The results of the organ weights and percentage relative to BW in the current study indicated that HS decreased liver and intestinal weights when compared with TN chicks (Table 3). However, it was reported that liver and intestinal weights were similar in 50 HS, 100 HS, and TN. Previously, it was reported that organic zinc supplementation in animal diets has improved the response of farm animals to HS by improving intestinal architecture and decreasing circulating endotoxins (Sanz Fernandez et al., 2014; Pearce et al., 2015).

As expected, HS chicks were hyperglycemic at the time of blood sampling (right after euthanasia); similar results were found in poultry (Rahimi, 2005) and other farm animals such as pigs (Abuajamieh et al., 2018; Sanz Fernandez et al., 2015), dairy cows (Baumgard et al., 2011), and sheep (Achmadi et al., 1993). Heat stress compromises gut integrity and allows unwanted substances (e.g., endotoxins) to enter the bloodstream (Baumgard and Rhoads, 2013; Abuajamieh et al., 2018). The toxic substances in bloodstream activate the immune system, which is an obligate glucose utilizer (Kvidera et al., 2017; Horst et al., 2018). This might explain the hypoglycemia status right after the HS. Similar results of blood calcium were obtained previously (Mayorga et al., 2019; Kvidera et al., 2017). The decrease in calcium levels found in HS chickens might be explained by increased calcium requirements due to the activated immune system (Hendy and Canaff, 2016; Kvidera et al., 2017).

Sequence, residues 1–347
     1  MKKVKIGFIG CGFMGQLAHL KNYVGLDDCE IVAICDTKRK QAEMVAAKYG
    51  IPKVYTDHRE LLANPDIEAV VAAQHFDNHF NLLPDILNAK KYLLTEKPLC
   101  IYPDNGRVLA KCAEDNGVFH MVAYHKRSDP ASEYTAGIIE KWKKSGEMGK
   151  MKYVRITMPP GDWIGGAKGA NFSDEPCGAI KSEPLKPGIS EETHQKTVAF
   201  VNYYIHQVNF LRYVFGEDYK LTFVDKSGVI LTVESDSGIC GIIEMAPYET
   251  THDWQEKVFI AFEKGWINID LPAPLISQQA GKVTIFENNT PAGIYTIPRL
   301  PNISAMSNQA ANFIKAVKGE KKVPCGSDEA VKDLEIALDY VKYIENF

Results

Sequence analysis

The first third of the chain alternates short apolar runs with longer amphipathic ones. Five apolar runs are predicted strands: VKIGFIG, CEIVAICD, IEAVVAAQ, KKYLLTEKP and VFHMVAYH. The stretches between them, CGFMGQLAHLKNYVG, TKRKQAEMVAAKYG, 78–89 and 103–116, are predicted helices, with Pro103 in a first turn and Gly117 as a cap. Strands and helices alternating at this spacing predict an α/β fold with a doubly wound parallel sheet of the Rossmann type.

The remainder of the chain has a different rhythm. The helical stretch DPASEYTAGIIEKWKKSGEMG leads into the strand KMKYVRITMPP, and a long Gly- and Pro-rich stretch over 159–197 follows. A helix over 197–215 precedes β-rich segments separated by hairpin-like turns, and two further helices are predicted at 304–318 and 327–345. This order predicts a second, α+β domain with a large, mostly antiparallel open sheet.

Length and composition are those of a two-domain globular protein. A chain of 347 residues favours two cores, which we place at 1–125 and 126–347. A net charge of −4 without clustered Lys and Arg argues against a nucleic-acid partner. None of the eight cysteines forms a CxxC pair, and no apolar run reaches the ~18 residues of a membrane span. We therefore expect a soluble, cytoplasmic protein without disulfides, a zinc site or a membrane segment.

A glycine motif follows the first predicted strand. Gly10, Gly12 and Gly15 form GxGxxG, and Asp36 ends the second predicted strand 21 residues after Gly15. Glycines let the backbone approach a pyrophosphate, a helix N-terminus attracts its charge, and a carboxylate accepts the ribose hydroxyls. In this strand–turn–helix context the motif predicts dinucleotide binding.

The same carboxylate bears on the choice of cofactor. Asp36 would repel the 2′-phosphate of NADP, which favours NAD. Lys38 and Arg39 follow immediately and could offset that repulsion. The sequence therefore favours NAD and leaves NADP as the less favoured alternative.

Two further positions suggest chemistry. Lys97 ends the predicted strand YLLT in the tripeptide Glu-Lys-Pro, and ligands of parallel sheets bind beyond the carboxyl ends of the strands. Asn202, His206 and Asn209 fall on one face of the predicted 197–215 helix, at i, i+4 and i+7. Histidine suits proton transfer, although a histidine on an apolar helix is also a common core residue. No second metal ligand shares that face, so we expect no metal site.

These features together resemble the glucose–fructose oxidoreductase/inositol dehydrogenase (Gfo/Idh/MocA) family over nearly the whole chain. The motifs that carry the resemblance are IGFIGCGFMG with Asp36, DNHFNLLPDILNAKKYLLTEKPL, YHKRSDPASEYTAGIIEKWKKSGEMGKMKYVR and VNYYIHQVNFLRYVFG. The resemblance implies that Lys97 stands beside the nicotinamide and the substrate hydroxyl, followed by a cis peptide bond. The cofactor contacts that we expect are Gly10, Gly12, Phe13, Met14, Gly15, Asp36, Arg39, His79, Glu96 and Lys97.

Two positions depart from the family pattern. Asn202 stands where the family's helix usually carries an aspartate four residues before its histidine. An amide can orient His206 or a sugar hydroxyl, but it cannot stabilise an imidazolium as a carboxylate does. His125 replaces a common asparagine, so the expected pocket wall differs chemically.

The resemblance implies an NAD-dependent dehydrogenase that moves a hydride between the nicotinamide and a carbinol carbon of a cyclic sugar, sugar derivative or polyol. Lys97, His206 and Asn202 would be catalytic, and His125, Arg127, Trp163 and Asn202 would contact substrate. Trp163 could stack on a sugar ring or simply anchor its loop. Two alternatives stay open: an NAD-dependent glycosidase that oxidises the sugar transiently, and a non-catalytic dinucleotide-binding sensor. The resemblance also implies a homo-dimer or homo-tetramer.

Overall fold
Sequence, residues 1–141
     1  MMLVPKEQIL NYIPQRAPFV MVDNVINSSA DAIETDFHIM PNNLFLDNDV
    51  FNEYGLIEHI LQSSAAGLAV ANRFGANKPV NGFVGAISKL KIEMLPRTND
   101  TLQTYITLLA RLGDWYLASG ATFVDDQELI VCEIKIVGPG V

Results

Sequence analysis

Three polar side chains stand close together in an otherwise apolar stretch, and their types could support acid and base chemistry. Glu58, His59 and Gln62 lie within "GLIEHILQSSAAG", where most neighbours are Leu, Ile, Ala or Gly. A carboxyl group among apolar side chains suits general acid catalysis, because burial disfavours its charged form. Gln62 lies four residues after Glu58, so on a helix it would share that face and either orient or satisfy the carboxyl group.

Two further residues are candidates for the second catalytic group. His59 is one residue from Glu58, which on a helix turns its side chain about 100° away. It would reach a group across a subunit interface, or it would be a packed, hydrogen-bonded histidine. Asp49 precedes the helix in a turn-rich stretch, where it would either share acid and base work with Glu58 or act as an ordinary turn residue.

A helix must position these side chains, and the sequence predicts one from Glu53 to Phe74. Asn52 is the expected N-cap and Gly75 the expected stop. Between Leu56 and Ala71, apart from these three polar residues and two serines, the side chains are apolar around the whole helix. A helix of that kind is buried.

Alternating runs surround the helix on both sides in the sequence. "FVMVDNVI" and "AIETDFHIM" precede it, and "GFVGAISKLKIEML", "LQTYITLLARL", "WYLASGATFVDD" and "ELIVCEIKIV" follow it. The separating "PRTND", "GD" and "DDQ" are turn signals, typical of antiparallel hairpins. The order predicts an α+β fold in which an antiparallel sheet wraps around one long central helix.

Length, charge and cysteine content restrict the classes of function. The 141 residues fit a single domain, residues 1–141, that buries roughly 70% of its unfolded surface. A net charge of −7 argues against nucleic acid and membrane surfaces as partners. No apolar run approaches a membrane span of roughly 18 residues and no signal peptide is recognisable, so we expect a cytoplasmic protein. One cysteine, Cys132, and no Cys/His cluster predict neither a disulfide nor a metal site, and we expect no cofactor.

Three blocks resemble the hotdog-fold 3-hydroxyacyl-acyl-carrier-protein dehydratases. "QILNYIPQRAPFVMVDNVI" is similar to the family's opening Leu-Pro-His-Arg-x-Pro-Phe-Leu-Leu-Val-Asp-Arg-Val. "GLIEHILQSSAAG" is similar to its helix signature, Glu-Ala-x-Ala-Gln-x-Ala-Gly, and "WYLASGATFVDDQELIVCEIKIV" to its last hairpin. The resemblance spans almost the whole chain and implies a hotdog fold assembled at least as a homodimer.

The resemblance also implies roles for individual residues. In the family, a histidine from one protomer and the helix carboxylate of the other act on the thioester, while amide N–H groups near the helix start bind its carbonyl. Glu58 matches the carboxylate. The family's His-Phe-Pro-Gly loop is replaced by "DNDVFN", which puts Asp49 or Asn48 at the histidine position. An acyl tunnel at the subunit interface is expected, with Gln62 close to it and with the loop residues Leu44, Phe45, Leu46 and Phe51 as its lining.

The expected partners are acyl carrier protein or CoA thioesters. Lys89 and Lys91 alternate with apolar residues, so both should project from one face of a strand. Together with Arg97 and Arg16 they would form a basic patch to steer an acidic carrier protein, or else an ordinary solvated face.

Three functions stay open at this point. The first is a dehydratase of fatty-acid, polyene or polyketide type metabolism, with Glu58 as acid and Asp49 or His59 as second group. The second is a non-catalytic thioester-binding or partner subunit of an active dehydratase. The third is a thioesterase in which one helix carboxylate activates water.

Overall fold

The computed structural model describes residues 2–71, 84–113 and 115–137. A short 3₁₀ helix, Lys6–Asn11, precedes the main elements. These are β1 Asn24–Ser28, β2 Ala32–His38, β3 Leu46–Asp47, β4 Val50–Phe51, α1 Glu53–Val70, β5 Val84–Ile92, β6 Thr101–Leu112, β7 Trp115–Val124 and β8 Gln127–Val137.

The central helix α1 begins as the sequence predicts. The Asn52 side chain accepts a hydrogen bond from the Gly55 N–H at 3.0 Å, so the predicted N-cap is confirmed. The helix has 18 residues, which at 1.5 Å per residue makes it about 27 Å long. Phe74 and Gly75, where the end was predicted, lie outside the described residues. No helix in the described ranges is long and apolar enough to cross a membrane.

5 Conclusions